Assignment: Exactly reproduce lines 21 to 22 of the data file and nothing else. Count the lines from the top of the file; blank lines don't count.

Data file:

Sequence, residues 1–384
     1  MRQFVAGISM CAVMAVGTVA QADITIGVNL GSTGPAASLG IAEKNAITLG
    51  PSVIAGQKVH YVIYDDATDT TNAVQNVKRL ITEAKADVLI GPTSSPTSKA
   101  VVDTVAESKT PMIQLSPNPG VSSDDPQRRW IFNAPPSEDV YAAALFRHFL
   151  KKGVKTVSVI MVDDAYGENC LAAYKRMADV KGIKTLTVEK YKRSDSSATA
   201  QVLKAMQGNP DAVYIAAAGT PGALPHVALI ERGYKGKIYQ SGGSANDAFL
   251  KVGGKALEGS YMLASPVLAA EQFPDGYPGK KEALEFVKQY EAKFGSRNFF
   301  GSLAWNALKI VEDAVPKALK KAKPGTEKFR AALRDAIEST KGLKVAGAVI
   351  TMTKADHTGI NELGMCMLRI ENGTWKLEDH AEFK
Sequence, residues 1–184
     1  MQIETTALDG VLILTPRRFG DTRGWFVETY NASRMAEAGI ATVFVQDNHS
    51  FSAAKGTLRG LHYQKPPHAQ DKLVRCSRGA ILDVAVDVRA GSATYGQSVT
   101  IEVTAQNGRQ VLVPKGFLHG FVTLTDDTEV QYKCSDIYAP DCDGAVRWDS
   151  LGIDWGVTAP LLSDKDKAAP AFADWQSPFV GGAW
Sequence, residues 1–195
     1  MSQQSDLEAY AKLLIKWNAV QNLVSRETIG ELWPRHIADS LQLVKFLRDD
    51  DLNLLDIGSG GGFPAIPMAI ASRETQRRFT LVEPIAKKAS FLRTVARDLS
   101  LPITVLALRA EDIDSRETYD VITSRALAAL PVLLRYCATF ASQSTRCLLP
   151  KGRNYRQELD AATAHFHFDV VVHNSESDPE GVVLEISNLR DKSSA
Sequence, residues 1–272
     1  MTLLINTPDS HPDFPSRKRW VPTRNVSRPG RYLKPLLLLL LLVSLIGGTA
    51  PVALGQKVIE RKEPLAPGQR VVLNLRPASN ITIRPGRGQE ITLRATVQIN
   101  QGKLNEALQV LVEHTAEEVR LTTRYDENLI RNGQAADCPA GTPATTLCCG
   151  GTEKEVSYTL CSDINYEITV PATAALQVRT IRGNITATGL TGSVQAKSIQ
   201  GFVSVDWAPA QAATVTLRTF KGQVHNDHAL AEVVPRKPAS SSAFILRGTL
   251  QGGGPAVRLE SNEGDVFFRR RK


     1  MTLLINTPDS HPDFPSRKRW VPTRNVSRPG RYLKPLLLLL LLVSLIGGTA
    51  PVALGQKVIE RKEPLAPGQR VVLNLRPASN ITIRPGRGQE ITLRATVQIN